Sju förtrollade kvällar is the title of Mårten Sandén’s new book. You might remember Mårten from an earlier book of his which was translated into English, published by Pushkin, or his profile on here a couple of years ago.
This one isn’t, but I have been somewhat bewitched by his Seven Bewitched Nights (dreadful translation, I know, but roughly right), and I can’t not mention it. It’s another of the far too rare perfect little children’s books you dream of. Short and relatively simple, it still catches the interest of an adult reader, and there will be things in the book that perhaps the child reader won’t see.
It felt surprisingly familiar in some way, and it took me a while to work out where I was (a romantic time travel film) in my mind. So, not terribly original; just very nicely executed.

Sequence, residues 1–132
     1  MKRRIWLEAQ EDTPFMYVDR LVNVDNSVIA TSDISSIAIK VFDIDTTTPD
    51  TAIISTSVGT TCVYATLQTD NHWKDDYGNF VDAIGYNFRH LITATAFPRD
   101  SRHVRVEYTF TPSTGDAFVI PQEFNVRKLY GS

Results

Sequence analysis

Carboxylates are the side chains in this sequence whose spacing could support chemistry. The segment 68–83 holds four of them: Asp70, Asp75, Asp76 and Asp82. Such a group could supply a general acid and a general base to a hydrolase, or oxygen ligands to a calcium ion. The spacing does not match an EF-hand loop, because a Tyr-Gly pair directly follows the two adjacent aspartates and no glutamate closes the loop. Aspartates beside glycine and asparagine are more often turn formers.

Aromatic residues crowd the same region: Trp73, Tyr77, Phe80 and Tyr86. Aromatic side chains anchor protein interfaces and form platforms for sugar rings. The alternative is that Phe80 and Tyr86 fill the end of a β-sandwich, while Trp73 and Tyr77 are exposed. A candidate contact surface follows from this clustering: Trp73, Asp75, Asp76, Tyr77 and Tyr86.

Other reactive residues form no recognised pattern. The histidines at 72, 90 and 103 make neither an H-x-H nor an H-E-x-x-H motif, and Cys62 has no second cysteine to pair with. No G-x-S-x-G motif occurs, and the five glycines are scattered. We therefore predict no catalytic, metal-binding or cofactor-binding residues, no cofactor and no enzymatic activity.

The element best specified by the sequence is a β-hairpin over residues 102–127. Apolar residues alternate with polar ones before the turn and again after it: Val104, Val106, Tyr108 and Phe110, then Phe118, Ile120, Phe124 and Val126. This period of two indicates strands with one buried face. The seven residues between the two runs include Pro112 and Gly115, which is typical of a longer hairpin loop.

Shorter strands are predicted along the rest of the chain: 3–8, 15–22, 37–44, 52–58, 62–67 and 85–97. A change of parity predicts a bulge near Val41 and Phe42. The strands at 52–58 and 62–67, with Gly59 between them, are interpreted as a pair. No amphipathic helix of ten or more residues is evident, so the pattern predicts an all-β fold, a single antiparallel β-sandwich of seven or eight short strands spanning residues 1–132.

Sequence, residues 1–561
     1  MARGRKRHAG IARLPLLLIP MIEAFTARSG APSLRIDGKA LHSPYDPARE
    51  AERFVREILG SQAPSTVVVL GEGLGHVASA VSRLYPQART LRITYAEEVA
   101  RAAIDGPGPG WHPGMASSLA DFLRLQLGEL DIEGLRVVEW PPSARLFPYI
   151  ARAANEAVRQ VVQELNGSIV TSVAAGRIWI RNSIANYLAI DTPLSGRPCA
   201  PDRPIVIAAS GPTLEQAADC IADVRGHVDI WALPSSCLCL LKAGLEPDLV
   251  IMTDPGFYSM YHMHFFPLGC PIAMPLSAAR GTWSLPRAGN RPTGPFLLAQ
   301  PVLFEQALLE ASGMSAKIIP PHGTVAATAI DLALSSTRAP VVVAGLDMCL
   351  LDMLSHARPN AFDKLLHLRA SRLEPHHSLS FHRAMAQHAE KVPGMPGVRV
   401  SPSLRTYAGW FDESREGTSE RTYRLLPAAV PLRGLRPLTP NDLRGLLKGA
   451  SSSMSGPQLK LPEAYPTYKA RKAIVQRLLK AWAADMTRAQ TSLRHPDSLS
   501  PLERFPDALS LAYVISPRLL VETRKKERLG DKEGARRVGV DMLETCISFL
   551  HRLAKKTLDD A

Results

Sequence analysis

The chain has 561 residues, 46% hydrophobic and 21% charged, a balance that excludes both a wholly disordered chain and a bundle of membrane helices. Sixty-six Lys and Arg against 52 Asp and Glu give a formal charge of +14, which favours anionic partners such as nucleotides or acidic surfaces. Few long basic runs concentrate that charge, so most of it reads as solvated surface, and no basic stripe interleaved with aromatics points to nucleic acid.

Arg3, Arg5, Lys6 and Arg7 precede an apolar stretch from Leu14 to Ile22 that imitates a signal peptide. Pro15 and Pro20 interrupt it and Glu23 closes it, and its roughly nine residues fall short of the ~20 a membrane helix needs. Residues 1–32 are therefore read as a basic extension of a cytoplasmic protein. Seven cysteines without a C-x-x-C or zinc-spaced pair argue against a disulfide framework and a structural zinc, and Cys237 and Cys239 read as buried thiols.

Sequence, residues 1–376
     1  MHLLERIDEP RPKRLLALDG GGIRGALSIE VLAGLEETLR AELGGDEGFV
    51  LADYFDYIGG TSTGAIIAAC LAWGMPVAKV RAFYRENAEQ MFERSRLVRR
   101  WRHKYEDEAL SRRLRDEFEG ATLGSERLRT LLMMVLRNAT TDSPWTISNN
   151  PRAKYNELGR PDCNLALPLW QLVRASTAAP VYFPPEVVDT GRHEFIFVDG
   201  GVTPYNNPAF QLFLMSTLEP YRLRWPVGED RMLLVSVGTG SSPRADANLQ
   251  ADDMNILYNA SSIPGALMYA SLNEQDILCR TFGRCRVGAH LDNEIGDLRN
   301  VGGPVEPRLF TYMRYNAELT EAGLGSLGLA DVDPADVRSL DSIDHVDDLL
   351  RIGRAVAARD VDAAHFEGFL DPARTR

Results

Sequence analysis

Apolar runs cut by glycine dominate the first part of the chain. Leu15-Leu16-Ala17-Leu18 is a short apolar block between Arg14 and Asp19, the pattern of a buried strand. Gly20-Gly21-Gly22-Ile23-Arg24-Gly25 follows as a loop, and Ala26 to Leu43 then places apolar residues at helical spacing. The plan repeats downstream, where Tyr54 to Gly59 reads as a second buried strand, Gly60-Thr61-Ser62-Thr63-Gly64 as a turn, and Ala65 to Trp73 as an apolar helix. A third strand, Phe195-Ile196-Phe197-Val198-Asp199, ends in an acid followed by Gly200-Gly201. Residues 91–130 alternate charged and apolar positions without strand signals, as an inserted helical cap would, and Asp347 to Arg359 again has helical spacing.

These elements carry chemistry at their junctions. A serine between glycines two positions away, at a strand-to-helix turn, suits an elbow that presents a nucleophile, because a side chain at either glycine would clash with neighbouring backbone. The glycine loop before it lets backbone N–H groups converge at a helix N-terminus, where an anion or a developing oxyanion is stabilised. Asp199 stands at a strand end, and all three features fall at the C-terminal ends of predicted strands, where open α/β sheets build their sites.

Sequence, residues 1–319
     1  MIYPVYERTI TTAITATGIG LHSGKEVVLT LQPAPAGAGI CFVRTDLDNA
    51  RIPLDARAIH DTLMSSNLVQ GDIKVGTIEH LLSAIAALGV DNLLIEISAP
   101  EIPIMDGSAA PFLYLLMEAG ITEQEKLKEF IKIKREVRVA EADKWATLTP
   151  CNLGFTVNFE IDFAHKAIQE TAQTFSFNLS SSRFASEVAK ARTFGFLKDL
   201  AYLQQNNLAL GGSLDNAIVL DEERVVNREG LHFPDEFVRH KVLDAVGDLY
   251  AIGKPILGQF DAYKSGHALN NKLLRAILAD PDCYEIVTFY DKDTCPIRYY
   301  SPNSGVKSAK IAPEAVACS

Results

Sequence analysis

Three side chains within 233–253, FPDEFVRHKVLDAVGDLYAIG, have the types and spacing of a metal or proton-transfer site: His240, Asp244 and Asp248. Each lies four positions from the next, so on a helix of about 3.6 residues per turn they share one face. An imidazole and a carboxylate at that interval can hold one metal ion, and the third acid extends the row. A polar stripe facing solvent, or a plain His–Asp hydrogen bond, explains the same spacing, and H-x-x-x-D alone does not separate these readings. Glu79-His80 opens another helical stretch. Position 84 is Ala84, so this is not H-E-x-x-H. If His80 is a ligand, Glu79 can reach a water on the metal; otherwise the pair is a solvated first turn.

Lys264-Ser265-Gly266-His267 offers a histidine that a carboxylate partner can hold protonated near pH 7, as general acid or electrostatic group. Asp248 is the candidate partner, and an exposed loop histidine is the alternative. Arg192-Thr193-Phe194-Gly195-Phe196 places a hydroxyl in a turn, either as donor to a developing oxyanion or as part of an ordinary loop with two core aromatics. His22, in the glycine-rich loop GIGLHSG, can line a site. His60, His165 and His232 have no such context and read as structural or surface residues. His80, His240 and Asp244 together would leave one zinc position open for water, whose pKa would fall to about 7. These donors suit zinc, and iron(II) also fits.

The book is about 12-year-old Buster, who boxes and struggles with his homework. His dead, older brother Jack was his complete opposite. Buster suddenly gets talking to The-Girl-Who-Reads at school, and he also discovers what life is like for an older boy who is bullied, by one of Buster’s friends. And one evening Buster is given seven old-style cinema tickets by an elderly man in town. From then on nothing is quite as it was.
I was transported right back to my childhood, in a charming way. Yes, OK, there were bad things. But this is nostalgia, as well as a story about how you live your life. And the cover is gorgeous.
(Life as an untranslated book isn’t easy. There are many good ones. But I hope this one can have a future in English too.)